LOS ANGELES, Oct. 26, 2015—In the 2016 presidential field, which Republicans are circling the drain? And which one of the remaining 15 will be next to wash away? The top candidate’s performances in Wednesday’s debate will no doubt dictate who gets flushed, but some may not survive through Wednesday.
Dr. Ben Carson suspended all campaign events for a two-week book tour, which apparently has not hurt him. He and Trump are the clear frontrunners, and according to the latest polls, Dr. Carson is edging out Trump in Iowa.
A Monday Monmouth University poll of likely Iowa Republican caucus goers shows Carson is leading Trump 32 percent to 18 percent among likely Republican Iowa voters. In the same poll conducted in August, the two were tied at 23 percent. Last week’s Quinnipiac poll had Carson leading Trump 28 to 20 points. Another Bloomberg Politics/Des Moines Register poll put Carson ahead 28 to 19 points.
Senators Ted Cruz and Marco Rubio were the only other two Republican candidates who polled in double digits in the Monmouth poll; so despite the Trump and Carson trains, these two candidates are more than viable not just in fundraising, but in grassroots support.
Frankly, the Republican frontrunners are showing more diversity and interest than the old, white and hackneyed Democratic candidates. With further plunging, Republicans may finally have a competitive field to choose from.
The rumor mill is churning about the possibility that former Florida Gov. Jeb Bush may be the next one to make his way down the disposal. Now yesterday’s rumor is quickly morphing into today’s reality. Rebecca Berg of Real Clear Politics reports, “Jeb Bush’s presidential campaign announced Friday it will drastically cut staff salaries and shift resources from its Miami headquarters to key early voting states, the latest sign of trouble for the onetime frontrunner in the Republican primary.”
Since the Bush campaign did a gotcha plant on Donald Trump with staffer Lauren Batchelder at the No Labels Problem Solver Convention in early October, Bush donors are apparently nervous, and new campaign money is not manifesting. Both Trump and Carson are beating Bush handily in new campaign revenue. Trump is not even asking for outside funding, but is getting it anyway from enthusiastic supporters.
Bush’s lackluster demeanor is evident in every interview he gives, despite the protestations that come from his mouth that he is invested in his campaign and the best choice to be president. His latest appearance at the Presidential Town Hall series only confirmed suspicions that the “joyful tortoise” is really an unhappy lizard. “I got a lot of really cool things that I could do other than sit around being miserable listening to other people demonize me, and me being compelled to demonize them. That is a joke. Elect Trump if you want that.”
Ummm ‘kay. Not exactly presidential or confidence-building; but should rumors and reporting prove true, those may be a moot point.
We have not heard much from Carly Fiorina, and the poll increase from her September debate performance seems to have waned. She needs to do something to get herself back into the spotlight or be relegated to the flash-in-the-pan female candidate who almost did. Here is Caitlin Huey-Burns’ assessment:
A handful of recent national polls show Fiorina’s post-debate bump has faded, while candidates like Donald Trump and Ben Carson have maintained, and in some cases, increased, their leads. What’s more, another competitor, Marco Rubio, continues to rise.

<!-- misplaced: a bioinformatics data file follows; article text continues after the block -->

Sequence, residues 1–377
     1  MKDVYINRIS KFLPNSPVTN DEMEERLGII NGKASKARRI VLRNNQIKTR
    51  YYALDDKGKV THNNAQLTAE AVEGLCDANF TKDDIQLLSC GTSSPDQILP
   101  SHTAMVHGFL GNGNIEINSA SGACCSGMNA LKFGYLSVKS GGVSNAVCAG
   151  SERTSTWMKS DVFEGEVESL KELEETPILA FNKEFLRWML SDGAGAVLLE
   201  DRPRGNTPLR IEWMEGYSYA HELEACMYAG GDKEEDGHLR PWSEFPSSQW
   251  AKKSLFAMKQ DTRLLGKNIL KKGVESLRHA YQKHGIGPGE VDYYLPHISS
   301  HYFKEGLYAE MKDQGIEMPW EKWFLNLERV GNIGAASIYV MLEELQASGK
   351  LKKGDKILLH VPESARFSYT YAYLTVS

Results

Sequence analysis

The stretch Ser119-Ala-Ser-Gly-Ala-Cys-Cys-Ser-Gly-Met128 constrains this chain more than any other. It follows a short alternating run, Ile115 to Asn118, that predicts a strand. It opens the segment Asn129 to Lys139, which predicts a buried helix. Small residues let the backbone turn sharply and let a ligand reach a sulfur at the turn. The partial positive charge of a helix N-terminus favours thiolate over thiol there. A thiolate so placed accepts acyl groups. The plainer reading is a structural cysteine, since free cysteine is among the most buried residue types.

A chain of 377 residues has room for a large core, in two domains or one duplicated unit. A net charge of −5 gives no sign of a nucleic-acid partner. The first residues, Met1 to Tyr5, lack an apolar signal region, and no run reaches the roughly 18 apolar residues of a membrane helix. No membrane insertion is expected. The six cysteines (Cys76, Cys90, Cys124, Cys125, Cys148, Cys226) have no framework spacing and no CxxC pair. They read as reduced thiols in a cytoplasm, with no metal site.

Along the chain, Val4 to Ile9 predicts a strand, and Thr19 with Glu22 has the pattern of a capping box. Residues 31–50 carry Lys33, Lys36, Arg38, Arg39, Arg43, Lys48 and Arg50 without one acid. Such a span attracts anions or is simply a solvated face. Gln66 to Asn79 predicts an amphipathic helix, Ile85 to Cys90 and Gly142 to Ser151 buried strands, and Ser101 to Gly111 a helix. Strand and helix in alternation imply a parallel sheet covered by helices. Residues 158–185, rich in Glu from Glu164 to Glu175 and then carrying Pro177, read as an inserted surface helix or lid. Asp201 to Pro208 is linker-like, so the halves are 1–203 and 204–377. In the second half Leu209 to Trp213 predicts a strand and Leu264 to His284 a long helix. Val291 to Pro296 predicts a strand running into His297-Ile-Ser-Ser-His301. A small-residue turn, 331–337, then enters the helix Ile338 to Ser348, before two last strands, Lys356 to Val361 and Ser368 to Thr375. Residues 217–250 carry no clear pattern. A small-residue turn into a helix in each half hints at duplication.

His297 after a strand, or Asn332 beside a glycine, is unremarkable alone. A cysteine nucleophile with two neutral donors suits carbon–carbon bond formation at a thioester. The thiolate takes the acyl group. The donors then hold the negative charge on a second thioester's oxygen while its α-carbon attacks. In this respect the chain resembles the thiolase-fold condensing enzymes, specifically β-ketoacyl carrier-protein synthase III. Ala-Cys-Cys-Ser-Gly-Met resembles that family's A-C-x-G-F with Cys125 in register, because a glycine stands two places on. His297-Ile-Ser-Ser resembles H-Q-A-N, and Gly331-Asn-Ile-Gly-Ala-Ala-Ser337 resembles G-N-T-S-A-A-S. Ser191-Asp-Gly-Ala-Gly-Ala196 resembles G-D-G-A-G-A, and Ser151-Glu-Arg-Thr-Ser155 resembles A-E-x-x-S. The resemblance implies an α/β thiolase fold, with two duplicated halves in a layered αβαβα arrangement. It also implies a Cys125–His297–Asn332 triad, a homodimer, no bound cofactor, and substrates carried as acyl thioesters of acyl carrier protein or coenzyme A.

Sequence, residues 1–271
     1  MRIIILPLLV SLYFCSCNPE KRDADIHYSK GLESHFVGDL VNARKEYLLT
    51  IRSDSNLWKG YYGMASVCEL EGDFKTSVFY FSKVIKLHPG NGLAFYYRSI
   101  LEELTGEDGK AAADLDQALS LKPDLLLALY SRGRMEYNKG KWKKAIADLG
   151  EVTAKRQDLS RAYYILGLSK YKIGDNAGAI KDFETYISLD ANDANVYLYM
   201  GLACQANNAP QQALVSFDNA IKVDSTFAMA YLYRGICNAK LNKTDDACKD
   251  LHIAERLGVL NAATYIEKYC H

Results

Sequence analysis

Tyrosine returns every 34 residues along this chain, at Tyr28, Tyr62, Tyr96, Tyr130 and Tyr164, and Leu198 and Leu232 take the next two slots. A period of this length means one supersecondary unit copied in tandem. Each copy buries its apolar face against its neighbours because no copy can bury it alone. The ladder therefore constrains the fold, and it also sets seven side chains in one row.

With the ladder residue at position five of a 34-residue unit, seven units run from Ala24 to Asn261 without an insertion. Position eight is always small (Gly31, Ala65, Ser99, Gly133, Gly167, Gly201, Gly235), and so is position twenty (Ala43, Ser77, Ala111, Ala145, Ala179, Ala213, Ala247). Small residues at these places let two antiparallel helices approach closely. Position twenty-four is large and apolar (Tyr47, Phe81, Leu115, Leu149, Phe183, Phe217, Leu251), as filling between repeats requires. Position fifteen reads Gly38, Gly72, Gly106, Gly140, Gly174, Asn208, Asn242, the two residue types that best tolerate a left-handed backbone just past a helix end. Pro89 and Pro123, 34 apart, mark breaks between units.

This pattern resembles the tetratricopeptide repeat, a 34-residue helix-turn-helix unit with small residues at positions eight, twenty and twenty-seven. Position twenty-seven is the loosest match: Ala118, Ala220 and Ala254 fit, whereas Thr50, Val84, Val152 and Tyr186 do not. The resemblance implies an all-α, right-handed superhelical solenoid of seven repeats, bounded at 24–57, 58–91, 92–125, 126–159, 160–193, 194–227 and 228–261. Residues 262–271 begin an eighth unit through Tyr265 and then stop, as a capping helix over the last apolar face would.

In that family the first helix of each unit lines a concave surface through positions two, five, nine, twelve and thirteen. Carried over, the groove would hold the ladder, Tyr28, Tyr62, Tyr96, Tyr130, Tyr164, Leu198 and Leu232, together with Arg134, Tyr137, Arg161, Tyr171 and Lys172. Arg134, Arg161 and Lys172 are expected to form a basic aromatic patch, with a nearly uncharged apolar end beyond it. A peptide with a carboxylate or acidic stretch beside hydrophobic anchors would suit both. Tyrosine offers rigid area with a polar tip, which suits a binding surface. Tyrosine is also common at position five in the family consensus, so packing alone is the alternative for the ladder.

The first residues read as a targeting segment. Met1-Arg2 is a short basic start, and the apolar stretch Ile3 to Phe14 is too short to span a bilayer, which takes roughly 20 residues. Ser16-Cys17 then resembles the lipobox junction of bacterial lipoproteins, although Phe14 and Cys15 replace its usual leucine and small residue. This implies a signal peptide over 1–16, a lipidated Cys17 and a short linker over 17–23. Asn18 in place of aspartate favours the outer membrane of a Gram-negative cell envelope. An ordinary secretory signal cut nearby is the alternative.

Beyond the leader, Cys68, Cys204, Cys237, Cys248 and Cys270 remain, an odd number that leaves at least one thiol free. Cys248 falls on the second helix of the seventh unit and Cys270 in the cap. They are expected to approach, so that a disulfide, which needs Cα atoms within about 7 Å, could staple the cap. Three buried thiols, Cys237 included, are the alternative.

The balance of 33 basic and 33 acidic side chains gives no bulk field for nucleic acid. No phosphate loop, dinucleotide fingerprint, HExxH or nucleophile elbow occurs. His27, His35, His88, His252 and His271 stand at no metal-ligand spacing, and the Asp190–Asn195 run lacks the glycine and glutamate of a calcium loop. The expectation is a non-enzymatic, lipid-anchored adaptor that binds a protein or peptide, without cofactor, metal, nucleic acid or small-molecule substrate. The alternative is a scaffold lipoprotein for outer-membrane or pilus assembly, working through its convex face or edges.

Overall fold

The next debate offers the former Hewlett-Package CEO a chance to regain her stride. But her greater challenge is to better capitalize on that performance and prove her campaign is more than a series of bright but ephemeral moments on the grand stage.
A Fiorina-Clinton matchup would be the most interesting in my book; but sad to say, the odds are not in her favor.
Sen. Rand Paul has been disavowed by one of his biggest supporters: Erick Erickson, the influential and sometimes controversial RedState creator and editor. In “It Is Time to Take Your Campaign Out Back and Shoot It,” Erickson cites staff in-fighting, a disastrous Live Stream performance and the head of one of Sen. Paul’s most loyal Super PAC’s—America’s Liberty PAC’s recent indictment on charges stemming from the 2012 presidential election—as proof that it’s the time for Paul to flush his turd of a campaign. Erickson offered this advice: “Rand Paul, this was an interesting run and I am a fan of yours. But your campaign is a bloody embarrassment that needs to be taken out back and put out of its misery. Go home to Kentucky, Senator, and save your Senate seat before Kentucky’s voters take the incompetence of your presidential campaign as a reflection on you and your Senate campaign.”
Ouch. That probably left a mark.
According to NewJersey.com, Chris Christie is down to his last $1.4 million in campaign spending. As noted in both the Monmouth and Quinnipiac polls, Christie is doing poorly in Iowa, but he is holding in New Hampshire–apparently he is hoping this will be his best shot at staying in the race.
The governor can keep hope alive, but many are hoping the doorknob doesn’t bruise him on the way out.
What of Sen. Lindsey Graham, Gov. Mike Huckabee, Gov. Bobby Jindal, Gov. John Kasich, former New York Gov. George Pataki, former Virginia Gov. Jim Gilmore and former Sen. Rick Santorum? Of the bottom seven, Govs. Huckabee and Kasich are above 2 percentage points; the other five contenders barely have 2 percentage points between them. The unfortunate and unlikely Gilmore doesn’t even make the Real Clear Politics poll average.
Like hair in a trap, these bottom seven are more waste-material than election-worthy; they are serving only to plug up the works. Hopefully the debate on Wednesday will be the Drano that flushes a few more. As candidates are working harder to rout out their opponents, it promises to be popcorn-worthy.